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Program of Excellence in Rural Mental Health and Substance Abuse Treatment

Life Sciences Discovery Fund
8/16/2010 – 8/16/2014

Abstract

As reported (Aos, 2006) the aggressive implementation of evidence-based treatments for mental health and substance use disorders could result in savings to Washington State in excess of one billion dollars. Unfortunately, the majority of these evidence-based treatments have been developed for use in urban areas. Certainly, it is understandable that the majority of services would be developed for the majority of consumers who reside in urban areas. However, estimates suggest that 80 percent of the total US land mass and at least 20 percent of the population resides in rural or frontier areas (e.g. Stamm, Metrick, Kenkel, et al., 2003). These areas are often characterized by relatively high levels of poverty, lack of health insurance, higher rates of chronic disease, less within-community cultural diversity, lack of medical and behavioral health care providers, natural barriers (e.g., travel distance to services, extreme weather, etc.), and an older population than is found in urban areas (Stamm, 2003). Thus residents of WA State in Rural and Frontier communities do not have the same access to evidence-based care that the State’s urban residents enjoy. According to the state of Washington Office of Financial Management, 19 WA counties meet a population/square mile definition of rural (less than 50 people/square mile), and four meet the definition for frontier (less than 7 people/square mile). Thus, out of 39 Washington State counties, 23 are rural or frontier. With this in mind we are planning on aggressively engaging in work designed to develop and implement evidence based practices in rural and frontier communities. Specifically, we want to establish a program of excellence in Rural Mental Health and Substance Abuse Treatment (RMHSAT). This program will engage in technical research to refine, develop, disseminate, and sustain evidence based treatments in rural and frontier communities. In addition, the program will reflect an interdisciplinary team approach for adopting cutting edge technology transfer methods. Finally, the RMHSAT program will provide an ideal venue for training practitioners as well as students interested in developing expertise in research or clinical applications with this population.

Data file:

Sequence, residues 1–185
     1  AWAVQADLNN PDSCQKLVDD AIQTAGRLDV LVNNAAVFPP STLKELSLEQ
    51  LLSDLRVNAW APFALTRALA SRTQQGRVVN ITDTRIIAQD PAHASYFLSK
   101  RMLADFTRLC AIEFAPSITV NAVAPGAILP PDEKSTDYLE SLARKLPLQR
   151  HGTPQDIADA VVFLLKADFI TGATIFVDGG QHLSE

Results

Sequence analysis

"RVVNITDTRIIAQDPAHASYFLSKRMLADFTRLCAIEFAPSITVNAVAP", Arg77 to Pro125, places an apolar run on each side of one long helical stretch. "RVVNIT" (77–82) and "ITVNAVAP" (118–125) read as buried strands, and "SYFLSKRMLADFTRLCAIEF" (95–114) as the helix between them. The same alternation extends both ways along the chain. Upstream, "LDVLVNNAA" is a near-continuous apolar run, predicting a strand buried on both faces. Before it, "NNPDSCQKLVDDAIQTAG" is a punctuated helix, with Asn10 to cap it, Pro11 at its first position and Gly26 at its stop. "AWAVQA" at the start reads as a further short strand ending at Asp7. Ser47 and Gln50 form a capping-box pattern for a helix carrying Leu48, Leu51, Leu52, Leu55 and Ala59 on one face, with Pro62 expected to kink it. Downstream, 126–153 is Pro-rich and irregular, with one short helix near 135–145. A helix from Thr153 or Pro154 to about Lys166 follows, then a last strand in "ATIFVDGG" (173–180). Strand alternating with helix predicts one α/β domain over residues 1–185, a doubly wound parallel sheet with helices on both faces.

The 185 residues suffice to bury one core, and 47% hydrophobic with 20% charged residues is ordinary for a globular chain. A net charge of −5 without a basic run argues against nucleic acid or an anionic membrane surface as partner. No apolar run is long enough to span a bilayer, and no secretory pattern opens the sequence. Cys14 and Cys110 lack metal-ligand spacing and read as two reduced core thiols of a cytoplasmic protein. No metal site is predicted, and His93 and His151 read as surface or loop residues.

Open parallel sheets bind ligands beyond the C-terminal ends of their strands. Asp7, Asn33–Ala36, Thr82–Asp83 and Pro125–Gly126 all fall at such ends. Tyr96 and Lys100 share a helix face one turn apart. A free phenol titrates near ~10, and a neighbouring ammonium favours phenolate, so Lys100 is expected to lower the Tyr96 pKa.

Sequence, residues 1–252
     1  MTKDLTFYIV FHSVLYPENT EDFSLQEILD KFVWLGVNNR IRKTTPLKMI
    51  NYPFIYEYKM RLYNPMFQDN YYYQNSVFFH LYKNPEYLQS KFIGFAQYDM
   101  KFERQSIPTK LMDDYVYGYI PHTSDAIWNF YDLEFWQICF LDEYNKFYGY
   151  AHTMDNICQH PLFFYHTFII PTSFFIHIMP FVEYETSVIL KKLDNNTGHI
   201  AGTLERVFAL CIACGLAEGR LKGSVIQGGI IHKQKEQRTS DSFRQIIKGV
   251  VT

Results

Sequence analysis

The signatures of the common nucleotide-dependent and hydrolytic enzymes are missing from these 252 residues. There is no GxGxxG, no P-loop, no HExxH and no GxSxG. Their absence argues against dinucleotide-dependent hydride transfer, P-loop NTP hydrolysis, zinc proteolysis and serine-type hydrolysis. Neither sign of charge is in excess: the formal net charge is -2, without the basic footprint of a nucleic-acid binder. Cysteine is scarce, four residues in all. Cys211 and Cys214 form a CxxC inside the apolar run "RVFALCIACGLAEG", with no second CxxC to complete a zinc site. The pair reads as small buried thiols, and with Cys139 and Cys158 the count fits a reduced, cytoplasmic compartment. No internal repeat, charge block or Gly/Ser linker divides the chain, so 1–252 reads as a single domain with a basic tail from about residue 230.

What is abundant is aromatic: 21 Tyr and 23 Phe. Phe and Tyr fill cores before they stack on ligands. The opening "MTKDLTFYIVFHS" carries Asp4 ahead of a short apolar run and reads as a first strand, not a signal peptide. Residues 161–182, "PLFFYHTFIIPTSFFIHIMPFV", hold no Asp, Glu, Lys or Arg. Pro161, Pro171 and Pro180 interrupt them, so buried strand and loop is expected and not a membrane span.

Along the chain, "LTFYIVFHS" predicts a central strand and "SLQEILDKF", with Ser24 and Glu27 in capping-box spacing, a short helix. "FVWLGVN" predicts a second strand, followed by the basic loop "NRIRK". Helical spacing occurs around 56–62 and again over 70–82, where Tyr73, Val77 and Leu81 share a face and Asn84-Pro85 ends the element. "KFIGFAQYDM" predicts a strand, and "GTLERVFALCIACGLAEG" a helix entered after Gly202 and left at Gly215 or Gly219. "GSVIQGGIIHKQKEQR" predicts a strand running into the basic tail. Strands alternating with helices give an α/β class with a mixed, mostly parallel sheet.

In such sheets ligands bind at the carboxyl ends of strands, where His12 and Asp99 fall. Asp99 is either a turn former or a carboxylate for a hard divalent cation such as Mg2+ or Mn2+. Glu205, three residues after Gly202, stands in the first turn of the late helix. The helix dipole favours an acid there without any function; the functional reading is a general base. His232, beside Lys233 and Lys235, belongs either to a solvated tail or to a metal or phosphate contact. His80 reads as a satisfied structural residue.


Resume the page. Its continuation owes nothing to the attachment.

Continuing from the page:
Primary Investigator

John Roll

John Roll, PhD